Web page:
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# Detecting significant reduction in reaction times watch

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1. Hi all,

So I have been given data sets of people's reaction times to a random task and their reaction times to a repeated task. I have been asked to say how many showed an improvement in reaction time on the repeated task.

I first ran a paired t-test for repeated reaction time - random reaction time. This gave me a mean difference of -0.04775 and a 95% CI of -0.05332. Would I be correct in saying from this that any participants whose: repeated reaction time - their random reaction time<-0.05332 showed a significant improvement?
2. (Original post by jamiep151)
This gave me a mean difference of -0.04775 and a 95% CI of -0.05332.
-0.05332 is not a confidence interval, it is a single number! Did you mean standard error?
3. (Original post by Gregorius)
-0.05332 is not a confidence interval, it is a single number! Did you mean standard error?
Sorry I meant -0.05332 is the bound of the confidence interval.
4. (Original post by jamiep151)
Sorry I meant -0.05332 is the bound of the confidence interval.
What's the other bound?

If the mean difference is about -0.048 and one bound of the 95% confidence interval is about -0.053, then I can guess that the other bound is going to be roughly -0.043. So your confidence interval is going to be something like (-0.053, -0.043) which excludes the value of zero difference. The correct interpretation is that there is evidence that there is a difference between the average reaction times for the random task and the repeated task.
5. (Original post by Gregorius)
What's the other bound?

If the mean difference is about -0.048 and one bound of the 95% confidence interval is about -0.053, then I can guess that the other bound is going to be roughly -0.043. So your confidence interval is going to be something like (-0.053, -0.043) which excludes the value of zero difference. The correct interpretation is that there is evidence that there is a difference between the average reaction times for the random task and the repeated task.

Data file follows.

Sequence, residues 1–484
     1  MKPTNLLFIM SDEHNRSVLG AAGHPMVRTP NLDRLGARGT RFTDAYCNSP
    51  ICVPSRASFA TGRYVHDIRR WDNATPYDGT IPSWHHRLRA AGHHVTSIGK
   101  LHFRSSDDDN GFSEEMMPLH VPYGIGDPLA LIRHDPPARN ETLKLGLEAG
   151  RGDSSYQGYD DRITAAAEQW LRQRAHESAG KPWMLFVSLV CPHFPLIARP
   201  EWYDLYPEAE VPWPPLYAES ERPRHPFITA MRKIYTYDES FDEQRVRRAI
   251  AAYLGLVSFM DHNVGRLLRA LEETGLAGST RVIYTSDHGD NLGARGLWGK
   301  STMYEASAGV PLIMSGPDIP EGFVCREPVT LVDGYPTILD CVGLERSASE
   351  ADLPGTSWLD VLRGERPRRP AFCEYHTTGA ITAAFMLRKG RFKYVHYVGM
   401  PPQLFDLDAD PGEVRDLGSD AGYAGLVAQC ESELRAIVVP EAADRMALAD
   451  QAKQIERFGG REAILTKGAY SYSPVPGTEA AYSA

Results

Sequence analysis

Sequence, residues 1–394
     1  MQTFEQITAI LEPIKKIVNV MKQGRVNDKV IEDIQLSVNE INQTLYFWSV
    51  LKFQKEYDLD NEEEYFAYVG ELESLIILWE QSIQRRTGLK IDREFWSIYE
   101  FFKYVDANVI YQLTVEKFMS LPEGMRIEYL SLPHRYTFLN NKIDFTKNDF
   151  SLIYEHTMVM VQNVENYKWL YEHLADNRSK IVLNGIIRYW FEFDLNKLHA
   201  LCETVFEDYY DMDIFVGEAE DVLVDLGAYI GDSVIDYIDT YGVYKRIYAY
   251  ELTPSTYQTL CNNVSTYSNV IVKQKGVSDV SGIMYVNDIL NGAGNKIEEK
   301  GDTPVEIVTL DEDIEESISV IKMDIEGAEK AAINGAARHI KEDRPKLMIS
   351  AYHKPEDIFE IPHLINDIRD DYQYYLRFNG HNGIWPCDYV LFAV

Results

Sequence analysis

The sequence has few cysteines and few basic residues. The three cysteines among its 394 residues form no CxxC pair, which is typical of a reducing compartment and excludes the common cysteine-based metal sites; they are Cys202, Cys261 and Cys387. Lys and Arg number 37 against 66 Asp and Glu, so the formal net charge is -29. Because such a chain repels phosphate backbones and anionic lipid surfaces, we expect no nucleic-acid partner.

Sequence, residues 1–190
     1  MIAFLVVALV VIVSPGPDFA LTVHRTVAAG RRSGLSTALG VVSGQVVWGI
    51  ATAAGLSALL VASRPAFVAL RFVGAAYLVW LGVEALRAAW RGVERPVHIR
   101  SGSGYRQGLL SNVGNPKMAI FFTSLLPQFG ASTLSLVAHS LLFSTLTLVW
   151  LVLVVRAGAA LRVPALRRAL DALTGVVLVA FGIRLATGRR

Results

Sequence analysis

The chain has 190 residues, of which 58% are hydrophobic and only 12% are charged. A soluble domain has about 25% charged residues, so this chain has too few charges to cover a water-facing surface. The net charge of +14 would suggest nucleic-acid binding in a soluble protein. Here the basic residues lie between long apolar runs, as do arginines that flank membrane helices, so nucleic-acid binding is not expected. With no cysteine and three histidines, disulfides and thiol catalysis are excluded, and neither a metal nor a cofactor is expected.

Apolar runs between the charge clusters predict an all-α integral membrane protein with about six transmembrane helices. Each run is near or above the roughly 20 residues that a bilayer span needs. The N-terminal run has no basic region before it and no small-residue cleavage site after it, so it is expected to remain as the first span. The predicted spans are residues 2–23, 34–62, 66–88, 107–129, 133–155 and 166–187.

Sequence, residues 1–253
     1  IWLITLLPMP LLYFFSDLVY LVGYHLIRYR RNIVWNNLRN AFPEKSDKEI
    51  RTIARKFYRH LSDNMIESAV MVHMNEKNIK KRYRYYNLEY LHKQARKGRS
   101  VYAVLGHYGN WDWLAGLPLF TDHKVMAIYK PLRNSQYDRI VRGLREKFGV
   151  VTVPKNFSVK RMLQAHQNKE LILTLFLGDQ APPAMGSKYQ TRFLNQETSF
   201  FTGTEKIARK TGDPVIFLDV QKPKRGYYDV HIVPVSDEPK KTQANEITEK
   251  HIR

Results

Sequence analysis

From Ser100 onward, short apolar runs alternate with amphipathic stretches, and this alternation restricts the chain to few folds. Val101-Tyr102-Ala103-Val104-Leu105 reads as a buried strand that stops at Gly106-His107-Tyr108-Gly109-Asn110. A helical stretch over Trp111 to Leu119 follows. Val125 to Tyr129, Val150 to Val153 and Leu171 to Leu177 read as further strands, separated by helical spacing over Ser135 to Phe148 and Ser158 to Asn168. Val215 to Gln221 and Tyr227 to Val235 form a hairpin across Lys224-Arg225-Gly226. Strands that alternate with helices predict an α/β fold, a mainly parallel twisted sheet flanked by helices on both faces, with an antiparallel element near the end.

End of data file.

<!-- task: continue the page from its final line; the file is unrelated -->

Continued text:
We ran a one sided test as the hypothesis was one sided so only the one bound. I've concluded there is significant evidence to say repeated task had a lower reaction time as our p was <0.001.

However we were also asked to say how many individual participants exhibited the effect and it seems wrong to say anyone who had a decrease in times did. So I was wondering if it would be all the individuals whose difference was outside the CI bound so less than -0.05332.
6. (Original post by jamiep151)
We ran a one sided test as the hypothesis was one sided so only the one bound. I've concluded there is significant evidence to say repeated task had a lower reaction time as our p was <0.001.
Ok, that is fair enough, you have a one sided p-value upon which to base your conclusion. But note that one-sided confidence intervals do not really make sense. Confidence intervals give a sort of bound on the precision of an effect size estimate.

However we were also asked to say how many individual participants exhibited the effect and it seems wrong to say anyone who had a decrease in times did. So I was wondering if it would be all the individuals whose difference was outside the CI bound so less than -0.05332.
No, you can't use a confidence interval that way. I would encourage plotting a histogram of the raw differences and simply report how many differences were positive and how many negative.
7. (Original post by Gregorius)
Ok, that is fair enough, you have a one sided p-value upon which to base your conclusion. But note that one-sided confidence intervals do not really make sense. Confidence intervals give a sort of bound on the precision of an effect size estimate.

No, you can't use a confidence interval that way. I would encourage plotting a histogram of the raw differences and simply report how many differences were positive and how many negative.
Ok thanks!

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